and really disappointing to hear it is also unproductive in california. I mean, if a juju is unproductive there then most certainly it does not bode well for folks in east coast. Chico, at least, is quite productive in the southwest(but reportedly stubborn in more humid/colder east)
I have two different Shanxi Li as well and neither was great. But, it was the first year for both of them, so they definitely deserve more time. One from Trees of Antiquity (a couple first year trees, one of which had 1 fruit) and a 2nd year graft from Bob Hawkins. They seemed a bit different, as the fruits on the graft were narrower, than the one from ToA. Neither had an especially crunchy texture or were super large, though the ToA one was bigger than most and could make bigger fruit when it settles down.
If anyone has a better Shanxi Li source, I’d be open to adding another.
I might be one of those people- for me, it’s been almost as good as Honey Jar, though not as instantly productive.
that is good to know, since SC is a heavy bearer and early, which would be the most ideal for your locale. Years ago when first received my half dozen SC’s from burntridge, i felt like calling them about the accuracy of their juju labels, their online descriptions, and/or their actual specimens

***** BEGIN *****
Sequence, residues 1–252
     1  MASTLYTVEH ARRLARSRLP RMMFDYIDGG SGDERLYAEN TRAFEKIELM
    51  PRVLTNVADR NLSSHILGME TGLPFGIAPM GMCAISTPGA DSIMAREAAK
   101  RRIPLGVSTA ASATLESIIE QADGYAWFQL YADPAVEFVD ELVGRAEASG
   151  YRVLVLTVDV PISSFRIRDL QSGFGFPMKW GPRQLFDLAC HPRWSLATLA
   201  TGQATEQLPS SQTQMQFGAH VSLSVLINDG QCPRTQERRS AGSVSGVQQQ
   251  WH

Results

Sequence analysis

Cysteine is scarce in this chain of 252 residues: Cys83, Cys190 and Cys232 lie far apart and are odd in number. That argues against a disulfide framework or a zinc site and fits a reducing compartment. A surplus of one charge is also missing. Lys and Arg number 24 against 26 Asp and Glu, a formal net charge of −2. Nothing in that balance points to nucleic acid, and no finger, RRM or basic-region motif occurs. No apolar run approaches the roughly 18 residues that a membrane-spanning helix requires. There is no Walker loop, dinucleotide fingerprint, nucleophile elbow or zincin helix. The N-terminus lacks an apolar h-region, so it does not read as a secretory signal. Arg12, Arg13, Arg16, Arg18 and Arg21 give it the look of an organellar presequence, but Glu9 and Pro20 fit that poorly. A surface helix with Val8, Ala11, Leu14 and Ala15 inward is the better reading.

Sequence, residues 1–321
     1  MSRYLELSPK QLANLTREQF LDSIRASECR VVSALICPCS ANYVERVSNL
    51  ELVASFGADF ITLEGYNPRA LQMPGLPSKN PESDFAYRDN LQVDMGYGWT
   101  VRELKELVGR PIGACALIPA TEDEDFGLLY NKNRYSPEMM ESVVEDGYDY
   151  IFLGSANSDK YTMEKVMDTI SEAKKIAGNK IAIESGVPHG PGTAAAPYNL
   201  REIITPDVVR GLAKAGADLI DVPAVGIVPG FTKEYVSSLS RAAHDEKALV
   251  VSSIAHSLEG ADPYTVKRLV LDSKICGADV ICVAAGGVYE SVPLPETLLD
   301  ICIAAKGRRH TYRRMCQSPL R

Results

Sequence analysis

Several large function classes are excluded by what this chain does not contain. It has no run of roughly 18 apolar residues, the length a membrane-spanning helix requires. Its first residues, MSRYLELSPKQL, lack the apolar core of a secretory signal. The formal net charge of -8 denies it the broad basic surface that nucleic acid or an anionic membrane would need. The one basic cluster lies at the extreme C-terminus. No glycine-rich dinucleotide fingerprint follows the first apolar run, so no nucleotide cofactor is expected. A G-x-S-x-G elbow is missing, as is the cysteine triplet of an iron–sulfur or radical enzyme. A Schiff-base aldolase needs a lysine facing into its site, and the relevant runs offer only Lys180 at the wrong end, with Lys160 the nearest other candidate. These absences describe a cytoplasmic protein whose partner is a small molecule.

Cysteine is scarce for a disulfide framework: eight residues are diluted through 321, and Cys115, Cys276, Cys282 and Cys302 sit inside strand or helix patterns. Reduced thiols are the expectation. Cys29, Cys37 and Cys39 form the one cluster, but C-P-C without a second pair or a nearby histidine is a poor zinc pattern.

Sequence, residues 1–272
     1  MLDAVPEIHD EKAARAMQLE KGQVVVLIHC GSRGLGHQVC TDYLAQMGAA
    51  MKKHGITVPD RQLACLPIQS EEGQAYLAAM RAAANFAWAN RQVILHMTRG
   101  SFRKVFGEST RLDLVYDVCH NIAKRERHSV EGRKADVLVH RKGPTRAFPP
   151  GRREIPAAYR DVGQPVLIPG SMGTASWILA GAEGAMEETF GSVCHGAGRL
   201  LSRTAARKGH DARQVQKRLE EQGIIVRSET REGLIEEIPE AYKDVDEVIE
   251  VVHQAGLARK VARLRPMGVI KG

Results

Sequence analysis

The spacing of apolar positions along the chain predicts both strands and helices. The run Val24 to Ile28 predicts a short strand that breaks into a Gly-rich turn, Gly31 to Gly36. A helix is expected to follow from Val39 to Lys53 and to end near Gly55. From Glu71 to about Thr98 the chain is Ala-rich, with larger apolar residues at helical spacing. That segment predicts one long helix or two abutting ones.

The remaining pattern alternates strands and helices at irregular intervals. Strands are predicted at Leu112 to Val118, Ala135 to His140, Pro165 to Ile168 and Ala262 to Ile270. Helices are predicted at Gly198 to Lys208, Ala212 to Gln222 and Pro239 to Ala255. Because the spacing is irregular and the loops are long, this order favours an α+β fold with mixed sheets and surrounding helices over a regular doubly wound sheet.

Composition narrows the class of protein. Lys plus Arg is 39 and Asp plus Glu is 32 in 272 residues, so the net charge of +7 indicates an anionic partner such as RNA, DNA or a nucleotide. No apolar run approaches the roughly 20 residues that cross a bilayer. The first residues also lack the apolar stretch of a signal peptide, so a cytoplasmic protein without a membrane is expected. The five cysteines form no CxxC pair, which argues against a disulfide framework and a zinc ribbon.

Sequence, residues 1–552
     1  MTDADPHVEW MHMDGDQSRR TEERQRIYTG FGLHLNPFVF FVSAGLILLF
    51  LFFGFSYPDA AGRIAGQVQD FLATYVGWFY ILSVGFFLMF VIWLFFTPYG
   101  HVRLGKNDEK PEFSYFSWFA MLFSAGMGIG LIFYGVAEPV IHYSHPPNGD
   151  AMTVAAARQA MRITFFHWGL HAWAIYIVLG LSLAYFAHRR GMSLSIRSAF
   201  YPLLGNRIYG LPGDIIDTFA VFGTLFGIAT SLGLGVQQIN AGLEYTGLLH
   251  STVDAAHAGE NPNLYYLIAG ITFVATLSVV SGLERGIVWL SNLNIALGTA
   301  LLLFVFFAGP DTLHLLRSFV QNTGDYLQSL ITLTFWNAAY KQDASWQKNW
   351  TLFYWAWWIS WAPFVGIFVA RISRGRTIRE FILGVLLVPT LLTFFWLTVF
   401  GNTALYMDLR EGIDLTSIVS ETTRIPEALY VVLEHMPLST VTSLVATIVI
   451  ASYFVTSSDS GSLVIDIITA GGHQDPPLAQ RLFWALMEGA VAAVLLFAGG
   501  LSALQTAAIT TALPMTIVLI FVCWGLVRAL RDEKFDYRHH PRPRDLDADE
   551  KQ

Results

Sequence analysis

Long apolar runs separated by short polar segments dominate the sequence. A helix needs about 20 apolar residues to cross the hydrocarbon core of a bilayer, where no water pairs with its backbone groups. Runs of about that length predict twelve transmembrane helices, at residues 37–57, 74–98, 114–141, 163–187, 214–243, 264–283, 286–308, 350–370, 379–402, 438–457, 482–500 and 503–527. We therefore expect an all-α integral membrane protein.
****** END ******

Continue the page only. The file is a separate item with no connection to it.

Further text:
Bob, I’m glad the wood took. My Shanxi Li was from Roger Meyer. Fruit is a little larger than my standard Li’s, taste is good but not as good as Li. I just planted another Shanxi Li from L E Cook this past spring, hopefully I’ll have another datapoint in 7-8 months.
I have Li’s from 3 sources; Roger Meyer, L E Cook, & Edible Landscaping; fruit is the same from all 3.
There seems to be 2 different descriptions re Lang’s re size; I have langs from Roger Meyer & Edible Landscaping, both are the same & are the smaller type of lang; some literature describes them as quite large.
Sugar Cane tastes very good here, but production is erratic; heavy some years, almost nonexistent others.
No experience with Yu, sounds like one I’ll let others play with!